Cross Cutting Objectives

The four cross-cutting objectives are:


·         Heritage is Respected

·         Health Inequalities are Addressed and Reduced

·         Deprivation and Social Mobility is Improved

·         Biodiversity and Environmental Sustainability is respected

Head of Housing & Community Services

Risk Management

·         Already covered in the risk section.


Head of Housing & Community Services


·         It is proposed to resource the recommended proposal from existing resources.

Head of Housing & Community Services


·         There will be staffing implications and these are set out in Paragraph 3.3

Head of Housing & Community Services


·         Acting on the recommendations is within the Council’s powers as set out in the Crime & Reduction Act.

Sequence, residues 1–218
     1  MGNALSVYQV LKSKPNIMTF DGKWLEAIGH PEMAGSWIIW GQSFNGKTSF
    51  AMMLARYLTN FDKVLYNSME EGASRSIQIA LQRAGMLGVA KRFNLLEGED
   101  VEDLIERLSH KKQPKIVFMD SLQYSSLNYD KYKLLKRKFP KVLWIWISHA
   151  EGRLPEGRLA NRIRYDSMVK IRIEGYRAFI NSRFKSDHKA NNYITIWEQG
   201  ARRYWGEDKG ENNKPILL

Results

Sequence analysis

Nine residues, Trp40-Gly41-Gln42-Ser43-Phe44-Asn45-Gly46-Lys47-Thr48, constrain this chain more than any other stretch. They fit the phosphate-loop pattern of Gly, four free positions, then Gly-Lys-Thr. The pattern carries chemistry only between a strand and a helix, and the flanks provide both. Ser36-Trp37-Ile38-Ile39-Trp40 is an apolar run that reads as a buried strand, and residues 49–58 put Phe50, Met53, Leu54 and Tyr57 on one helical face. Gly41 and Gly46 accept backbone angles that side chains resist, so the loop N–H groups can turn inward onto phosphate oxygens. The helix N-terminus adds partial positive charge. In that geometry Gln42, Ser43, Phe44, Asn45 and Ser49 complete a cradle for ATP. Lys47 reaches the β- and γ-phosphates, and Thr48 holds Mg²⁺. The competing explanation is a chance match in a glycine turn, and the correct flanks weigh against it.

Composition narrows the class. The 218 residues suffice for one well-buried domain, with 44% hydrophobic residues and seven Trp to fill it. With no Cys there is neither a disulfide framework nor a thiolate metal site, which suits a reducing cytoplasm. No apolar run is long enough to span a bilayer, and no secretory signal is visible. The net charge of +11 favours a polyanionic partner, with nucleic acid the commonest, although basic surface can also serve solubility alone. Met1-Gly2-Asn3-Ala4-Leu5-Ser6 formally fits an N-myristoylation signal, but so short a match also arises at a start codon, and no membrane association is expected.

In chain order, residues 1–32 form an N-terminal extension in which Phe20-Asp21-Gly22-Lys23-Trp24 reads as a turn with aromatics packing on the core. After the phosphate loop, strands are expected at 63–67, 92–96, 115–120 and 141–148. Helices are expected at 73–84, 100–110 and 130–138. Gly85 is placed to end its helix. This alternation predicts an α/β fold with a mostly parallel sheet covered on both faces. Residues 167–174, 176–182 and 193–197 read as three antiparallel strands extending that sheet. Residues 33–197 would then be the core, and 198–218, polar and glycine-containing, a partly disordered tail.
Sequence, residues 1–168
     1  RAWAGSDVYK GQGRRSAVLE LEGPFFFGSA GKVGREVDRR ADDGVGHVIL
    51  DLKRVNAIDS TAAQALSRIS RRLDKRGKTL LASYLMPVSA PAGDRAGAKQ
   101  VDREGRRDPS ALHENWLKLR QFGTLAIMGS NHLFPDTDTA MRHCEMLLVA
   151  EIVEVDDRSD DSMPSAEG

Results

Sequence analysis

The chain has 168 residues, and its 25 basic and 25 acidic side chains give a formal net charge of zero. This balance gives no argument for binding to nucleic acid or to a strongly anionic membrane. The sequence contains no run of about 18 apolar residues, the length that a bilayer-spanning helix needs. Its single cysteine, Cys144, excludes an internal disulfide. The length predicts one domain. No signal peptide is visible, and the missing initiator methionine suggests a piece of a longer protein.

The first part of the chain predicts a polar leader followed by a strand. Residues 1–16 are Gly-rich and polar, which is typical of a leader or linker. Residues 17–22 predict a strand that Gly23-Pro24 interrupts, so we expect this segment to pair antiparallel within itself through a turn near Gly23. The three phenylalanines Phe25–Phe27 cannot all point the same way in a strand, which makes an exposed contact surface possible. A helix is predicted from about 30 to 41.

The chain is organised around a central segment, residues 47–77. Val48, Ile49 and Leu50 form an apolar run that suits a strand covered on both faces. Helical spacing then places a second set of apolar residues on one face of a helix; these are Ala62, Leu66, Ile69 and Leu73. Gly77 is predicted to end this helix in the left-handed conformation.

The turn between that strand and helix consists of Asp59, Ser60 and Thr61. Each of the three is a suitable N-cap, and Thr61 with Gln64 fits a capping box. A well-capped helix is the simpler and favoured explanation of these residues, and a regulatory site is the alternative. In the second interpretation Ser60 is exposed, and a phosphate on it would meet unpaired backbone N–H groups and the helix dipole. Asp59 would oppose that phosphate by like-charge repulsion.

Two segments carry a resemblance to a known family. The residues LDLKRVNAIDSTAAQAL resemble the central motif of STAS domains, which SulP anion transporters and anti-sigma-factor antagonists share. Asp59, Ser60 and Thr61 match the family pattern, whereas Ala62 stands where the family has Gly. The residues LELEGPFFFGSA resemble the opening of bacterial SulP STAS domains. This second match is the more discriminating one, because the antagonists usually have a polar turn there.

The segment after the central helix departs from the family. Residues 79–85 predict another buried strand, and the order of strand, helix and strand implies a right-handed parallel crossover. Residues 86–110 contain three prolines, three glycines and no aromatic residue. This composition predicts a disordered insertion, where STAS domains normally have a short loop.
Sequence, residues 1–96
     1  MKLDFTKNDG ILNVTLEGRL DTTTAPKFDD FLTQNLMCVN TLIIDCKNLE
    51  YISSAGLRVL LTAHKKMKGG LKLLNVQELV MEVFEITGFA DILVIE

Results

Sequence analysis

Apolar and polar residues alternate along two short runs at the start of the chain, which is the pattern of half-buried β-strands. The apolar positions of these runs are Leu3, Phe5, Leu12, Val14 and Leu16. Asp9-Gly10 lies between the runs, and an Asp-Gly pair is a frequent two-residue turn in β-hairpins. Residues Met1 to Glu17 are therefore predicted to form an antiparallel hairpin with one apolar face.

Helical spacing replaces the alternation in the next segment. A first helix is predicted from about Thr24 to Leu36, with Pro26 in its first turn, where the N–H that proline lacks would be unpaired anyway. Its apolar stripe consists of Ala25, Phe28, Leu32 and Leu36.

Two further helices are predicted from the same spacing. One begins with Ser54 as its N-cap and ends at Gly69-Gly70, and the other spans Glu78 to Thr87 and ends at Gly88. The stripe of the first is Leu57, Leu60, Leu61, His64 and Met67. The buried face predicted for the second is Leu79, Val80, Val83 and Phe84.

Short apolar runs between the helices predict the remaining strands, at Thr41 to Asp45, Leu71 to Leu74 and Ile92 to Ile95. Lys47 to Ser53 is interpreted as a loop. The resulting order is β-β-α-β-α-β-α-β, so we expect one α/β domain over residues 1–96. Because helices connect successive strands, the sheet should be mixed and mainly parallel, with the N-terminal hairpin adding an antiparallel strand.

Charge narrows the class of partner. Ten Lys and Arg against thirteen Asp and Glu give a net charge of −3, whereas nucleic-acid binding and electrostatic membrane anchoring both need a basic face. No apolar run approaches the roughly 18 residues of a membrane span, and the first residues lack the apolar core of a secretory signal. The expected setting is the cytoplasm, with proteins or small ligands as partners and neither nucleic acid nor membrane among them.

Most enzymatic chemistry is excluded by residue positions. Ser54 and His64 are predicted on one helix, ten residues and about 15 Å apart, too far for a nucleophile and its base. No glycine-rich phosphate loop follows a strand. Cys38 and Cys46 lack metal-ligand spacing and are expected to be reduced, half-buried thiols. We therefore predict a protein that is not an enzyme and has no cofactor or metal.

Head of Housing & Community Services

Privacy and Data Protection

·         Accepting the recommendations will increase the volume of data held by the Council.  We will hold that data in line with our retention schedules.

Policy and Information Team


·         The recommendations do not propose a change in service therefore will not require an equalities impact assessment

Head of Housing & Community Services

Public Health



·         We recognise that the recommendations will have a positive impact on population health or that of individuals.

Head of Housing & Community Services

Crime and Disorder

·         The recommendation is intended to have a positive impact on Crime and Disorder. The Community Protection Team have been consulted and mitigation has been proposed